Motlanthe: Don't give up on fighting corruption
"It can never be too late, nor inopportune to do the right thing. So we have to tackle corruption on a continuous basis," he told the National Assembly during question time.
"The day we say it is too late, [that] it is too big a problem and we throw in the towel, we would have lost the battle.
"It doesn't matter how many good citizens remain, but they have to remain in the forward trenches against corruption."
Motlanthe thanked members of the opposition for pointing out specific cases of corruption.
To deal with corruption, South Africa had the laws and institutions in place and targets had been set.
Government's attention was on ensuring the effectiveness of these measures, and to build public confidence.
"For example, our endeavour to root out corruption has necessitated that we pay greater attention to eliminating weaknesses in our procurement system, which is often the source of most of the corruption we encounter.
"In this regard national treasury is busy with the refinement and optimisation of our procurement system," he said.
Additionally, treasury had recently published for public comment Municipal Financial Misconduct Regulations to introduce measures intended to combat corruption in the public and private sectors through advocacy, strengthening the legal and policy prescripts and frameworks, and most importantly, the implementation thereof.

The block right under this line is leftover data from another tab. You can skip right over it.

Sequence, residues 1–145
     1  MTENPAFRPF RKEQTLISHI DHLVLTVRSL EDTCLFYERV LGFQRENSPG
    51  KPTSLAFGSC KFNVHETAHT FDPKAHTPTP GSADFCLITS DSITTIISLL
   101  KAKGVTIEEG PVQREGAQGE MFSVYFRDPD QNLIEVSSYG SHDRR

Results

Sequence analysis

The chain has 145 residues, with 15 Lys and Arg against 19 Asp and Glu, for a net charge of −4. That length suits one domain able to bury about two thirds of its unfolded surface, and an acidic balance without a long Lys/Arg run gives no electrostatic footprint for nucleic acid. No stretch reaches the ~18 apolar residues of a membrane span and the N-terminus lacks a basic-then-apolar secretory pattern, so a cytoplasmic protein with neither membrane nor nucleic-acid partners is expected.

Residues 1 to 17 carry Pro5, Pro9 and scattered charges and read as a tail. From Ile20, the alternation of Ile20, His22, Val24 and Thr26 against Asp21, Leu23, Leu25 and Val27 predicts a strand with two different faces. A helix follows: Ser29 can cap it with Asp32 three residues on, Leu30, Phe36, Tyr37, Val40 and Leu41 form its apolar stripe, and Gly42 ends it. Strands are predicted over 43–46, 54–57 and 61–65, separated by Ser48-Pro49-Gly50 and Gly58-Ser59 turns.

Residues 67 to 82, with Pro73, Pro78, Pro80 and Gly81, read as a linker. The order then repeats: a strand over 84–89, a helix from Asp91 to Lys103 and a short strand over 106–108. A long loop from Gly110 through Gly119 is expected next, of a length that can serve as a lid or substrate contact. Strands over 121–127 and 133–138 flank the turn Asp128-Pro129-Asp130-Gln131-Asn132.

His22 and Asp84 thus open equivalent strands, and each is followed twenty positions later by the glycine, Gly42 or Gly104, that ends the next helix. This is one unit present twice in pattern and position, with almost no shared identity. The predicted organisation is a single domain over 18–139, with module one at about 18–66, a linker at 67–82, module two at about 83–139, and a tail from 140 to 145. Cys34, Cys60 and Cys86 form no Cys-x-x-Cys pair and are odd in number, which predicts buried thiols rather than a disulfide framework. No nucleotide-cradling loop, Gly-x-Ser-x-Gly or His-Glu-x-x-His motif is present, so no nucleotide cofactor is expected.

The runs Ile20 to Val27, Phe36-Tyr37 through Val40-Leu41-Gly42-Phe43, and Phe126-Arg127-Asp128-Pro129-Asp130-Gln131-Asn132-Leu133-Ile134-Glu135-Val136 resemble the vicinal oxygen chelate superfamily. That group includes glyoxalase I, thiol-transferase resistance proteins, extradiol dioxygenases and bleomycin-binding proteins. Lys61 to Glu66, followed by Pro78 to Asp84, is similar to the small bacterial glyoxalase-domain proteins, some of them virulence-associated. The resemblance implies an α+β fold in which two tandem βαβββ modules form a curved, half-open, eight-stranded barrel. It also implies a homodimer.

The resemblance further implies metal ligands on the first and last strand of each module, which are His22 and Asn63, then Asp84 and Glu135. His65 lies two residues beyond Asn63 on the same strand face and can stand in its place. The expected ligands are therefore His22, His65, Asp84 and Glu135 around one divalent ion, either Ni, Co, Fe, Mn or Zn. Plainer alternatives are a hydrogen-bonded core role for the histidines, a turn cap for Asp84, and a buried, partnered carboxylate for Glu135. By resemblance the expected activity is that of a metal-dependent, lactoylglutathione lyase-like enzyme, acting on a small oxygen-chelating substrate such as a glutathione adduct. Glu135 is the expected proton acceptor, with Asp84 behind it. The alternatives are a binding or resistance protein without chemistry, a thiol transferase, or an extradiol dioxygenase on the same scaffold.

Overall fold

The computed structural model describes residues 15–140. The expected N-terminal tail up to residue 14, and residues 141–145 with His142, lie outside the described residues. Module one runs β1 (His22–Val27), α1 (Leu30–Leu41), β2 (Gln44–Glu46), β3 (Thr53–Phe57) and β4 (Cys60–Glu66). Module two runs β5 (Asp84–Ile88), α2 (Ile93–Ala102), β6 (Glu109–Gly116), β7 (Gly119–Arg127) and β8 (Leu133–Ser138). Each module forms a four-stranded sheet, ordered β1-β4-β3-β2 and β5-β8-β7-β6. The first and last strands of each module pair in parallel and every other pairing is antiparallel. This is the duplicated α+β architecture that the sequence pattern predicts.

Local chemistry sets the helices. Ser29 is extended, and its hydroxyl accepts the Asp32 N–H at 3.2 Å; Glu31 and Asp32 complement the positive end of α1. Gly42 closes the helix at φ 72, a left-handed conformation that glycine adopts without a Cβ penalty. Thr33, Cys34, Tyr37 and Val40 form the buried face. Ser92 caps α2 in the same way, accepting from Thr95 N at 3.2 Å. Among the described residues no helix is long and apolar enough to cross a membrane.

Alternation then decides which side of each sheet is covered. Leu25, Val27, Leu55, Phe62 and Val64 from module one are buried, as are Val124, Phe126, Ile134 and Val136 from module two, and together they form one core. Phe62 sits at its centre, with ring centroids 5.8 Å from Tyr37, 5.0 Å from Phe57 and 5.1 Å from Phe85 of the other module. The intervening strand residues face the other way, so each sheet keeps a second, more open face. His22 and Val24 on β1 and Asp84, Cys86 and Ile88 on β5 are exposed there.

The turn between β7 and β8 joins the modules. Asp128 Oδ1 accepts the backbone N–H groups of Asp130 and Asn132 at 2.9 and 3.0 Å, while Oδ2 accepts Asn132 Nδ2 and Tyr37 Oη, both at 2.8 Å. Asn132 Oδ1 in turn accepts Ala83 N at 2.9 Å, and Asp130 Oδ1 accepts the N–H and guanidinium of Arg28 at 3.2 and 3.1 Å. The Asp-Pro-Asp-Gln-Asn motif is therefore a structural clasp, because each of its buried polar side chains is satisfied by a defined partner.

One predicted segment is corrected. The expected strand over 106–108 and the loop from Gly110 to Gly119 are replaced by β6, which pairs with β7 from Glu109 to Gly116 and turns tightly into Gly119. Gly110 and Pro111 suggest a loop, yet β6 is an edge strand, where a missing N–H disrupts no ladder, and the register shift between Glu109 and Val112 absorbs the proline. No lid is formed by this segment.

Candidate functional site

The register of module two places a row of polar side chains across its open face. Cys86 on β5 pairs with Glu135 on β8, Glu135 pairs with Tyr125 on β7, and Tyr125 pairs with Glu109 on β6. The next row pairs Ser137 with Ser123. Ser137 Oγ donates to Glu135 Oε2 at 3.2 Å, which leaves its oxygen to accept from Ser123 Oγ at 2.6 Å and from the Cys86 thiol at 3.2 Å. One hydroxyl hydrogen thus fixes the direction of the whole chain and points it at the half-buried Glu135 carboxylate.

"Furthermore, it is well known that apart from the Special Investigating Unit, government has established other agencies whose mandates, among other things, include combating serious commercial crimes and corruption."
These included the Directorate for Priority Crime Investigation (Hawks), the Asset Forfeiture Unit, the Multi-Agency Working Group, and the Public Service Anti-Corruption Unit.
Several departments had established anti-corruption hotlines, to which suspected incidents of corruption had been reported by members of the public.
However, rooting out corruption demanded far more than just institutions and laws.
Corruption happened when people who worked inside and outside government manipulated the system for their own benefit.
This happened despite the robustness of anti-corruption institutions.
"In short… I am arguing that corruption undermines democracy and therefore, all of us, especially ourselves who are entrusted by the public to uphold the Constitution, must work in concert to strengthen institutions and programmes designed to free our society from the scourge of corruption.
"We must raise the bar in terms of accountability and monitoring of how public funds are used.
"We must work together to ensure that each programme of the democratic state yields quality results thus accelerating transformation, service delivery, and the building of a non-racial, non-sexist, prosperous, and democratic South Africa," Motlanthe said. – Sapa